“Beyond All Boundaries” Opens At The WWII Museum Today

“Beyond All Boundaries” Opens At The WWII Museum Today

New film produced by actor Tom Hanks titled, “Beyond All Boundaries” has opened at the National World War II Museum in New Orleans today. The film was shown exclusively at the Victory Theater which include “4-D” elements such as “props, simulated winds and shaking seats. Images from Pearl Harbor to the wintry Battle of the Bulge – the final major German offensive against the Allies – are shown on a 120-foot-wide screen,” blog.taragana.com reported.

The film also includes vintage film footage, animation and real-time sensory effects. Hanks said, “This is just not a widescreen movie. There’s actual things that pop up, actual elements that come into it that puts you in the environment.”

The Victory Theater was specifically built for “Beyond All Boundaries” during the $300 million museum expansion that will continue through 2015. The museum’s president and CEO Gordon “Nick” Mueller said, “We think of it as a World War II museum history park with a variety of things to engage visitors. It’s going to be very special.”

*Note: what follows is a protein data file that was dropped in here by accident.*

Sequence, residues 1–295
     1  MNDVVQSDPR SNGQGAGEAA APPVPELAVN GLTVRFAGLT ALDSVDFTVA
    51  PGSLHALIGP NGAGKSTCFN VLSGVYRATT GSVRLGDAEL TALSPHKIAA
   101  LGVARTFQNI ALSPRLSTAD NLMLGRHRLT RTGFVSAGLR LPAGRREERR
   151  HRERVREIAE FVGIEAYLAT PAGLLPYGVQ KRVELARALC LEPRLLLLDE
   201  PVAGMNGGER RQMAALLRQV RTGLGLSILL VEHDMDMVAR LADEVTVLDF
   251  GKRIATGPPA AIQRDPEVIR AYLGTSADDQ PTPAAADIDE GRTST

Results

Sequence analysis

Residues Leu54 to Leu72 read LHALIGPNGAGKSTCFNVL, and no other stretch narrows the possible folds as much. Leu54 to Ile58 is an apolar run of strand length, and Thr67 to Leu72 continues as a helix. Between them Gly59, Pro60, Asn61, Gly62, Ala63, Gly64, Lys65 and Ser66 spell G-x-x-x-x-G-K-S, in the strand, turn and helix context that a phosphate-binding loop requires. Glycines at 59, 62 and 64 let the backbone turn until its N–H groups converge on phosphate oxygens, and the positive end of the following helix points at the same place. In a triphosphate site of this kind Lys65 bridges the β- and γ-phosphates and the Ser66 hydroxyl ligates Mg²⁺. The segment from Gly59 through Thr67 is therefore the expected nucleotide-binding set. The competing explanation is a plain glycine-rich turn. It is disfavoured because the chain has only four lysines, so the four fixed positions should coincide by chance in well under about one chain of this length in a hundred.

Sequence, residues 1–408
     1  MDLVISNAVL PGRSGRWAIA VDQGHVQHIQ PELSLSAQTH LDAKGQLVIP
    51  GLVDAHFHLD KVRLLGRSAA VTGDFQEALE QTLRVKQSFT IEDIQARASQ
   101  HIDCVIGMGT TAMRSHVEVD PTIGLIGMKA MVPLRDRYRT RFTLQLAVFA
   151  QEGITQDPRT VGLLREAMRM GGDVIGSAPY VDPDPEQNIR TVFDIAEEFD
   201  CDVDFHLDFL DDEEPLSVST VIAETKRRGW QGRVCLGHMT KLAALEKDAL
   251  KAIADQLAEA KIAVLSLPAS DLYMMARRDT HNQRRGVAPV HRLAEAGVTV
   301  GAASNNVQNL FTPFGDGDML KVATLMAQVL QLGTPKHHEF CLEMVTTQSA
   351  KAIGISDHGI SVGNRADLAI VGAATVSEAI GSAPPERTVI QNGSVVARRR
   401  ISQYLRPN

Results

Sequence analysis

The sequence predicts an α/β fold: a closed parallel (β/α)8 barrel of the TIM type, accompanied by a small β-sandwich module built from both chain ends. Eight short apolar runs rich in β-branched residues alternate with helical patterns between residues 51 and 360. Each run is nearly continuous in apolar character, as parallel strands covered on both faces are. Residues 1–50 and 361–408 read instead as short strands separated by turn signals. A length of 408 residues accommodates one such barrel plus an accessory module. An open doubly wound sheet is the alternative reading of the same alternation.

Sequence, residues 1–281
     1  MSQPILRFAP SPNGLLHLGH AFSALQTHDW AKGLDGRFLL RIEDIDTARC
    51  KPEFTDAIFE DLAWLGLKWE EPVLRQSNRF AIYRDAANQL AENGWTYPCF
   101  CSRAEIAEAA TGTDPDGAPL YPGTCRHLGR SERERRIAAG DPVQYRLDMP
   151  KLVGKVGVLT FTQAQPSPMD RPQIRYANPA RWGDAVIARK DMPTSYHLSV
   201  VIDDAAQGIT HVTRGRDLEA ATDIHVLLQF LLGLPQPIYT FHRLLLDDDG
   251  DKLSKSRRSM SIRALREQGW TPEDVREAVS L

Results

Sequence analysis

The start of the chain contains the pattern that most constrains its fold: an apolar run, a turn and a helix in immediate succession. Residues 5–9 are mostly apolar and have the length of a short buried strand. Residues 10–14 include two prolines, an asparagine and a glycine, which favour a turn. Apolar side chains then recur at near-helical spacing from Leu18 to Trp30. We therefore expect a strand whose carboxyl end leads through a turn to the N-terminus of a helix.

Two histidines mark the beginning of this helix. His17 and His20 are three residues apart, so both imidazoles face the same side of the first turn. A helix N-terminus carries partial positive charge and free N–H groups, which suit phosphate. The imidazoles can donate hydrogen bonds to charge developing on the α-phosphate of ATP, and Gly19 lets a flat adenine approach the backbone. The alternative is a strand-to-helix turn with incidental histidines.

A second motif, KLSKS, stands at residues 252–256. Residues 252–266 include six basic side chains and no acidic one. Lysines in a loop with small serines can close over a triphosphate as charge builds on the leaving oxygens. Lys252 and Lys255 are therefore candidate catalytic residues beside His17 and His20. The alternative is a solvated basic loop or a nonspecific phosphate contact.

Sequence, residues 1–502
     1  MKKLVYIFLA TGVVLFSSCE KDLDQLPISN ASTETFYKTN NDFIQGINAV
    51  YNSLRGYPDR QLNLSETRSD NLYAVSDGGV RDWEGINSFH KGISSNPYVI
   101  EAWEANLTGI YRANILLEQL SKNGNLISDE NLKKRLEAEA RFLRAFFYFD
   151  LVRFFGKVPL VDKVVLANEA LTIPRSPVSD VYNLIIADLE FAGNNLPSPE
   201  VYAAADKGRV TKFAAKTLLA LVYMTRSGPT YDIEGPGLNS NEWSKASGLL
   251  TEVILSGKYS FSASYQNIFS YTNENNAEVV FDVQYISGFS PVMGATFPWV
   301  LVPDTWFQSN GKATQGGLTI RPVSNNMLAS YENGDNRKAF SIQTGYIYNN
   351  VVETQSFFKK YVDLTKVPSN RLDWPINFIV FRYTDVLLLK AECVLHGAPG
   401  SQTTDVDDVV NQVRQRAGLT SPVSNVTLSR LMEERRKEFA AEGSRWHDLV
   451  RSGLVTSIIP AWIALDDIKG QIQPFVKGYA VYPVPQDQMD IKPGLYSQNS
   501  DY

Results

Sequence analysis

Tom Hanks, who has also starred in Hollywood war-based movies such as “Saving Private Ryan” and produced on “Band of Brothers” and “The Pacific”, said that the making of “Beyond All Boundaries” took a total of five years. Hanks wanted to capture “the economic and human costs and the war’s roots in the civil rights and women’s rights movements.”

He said, “We had a Jim Crow society when all that happened. We still had segregated armed forces … We asked guys to go off and risk their lives and come back home and ride in the back of the bus. There was no way that brand of injustice could continue in our country after that war.”

The film’s creative director, Phil Hettema said, “We all kind of understood from the beginning that this is an important story to tell. It’s a seminal moment in our country’s history and who we are today. Our notion of who we are as Americans was forged by World War II.”

To make it even more realistic, Hettema also added real props to the viewing experience, such as a 1940s radio (for the Pearl Harbor news broadcast in the film), and a prop of the concentration camp guard tower.

The celebration for the opening of this film will continue throughout the weekend with a Victory Stomp block party and the honoring of Stephen Ambrose on Sunday, who was the museum’s founder. Hanks have also volunteered to help raise money for the museum from its initial inception back in 1990s. “I feel like I’ve been lucky to be a part of the building blocks of something that, in a perfect world, will last forever,” Hanks said.

Image: www2.prnewswire.com



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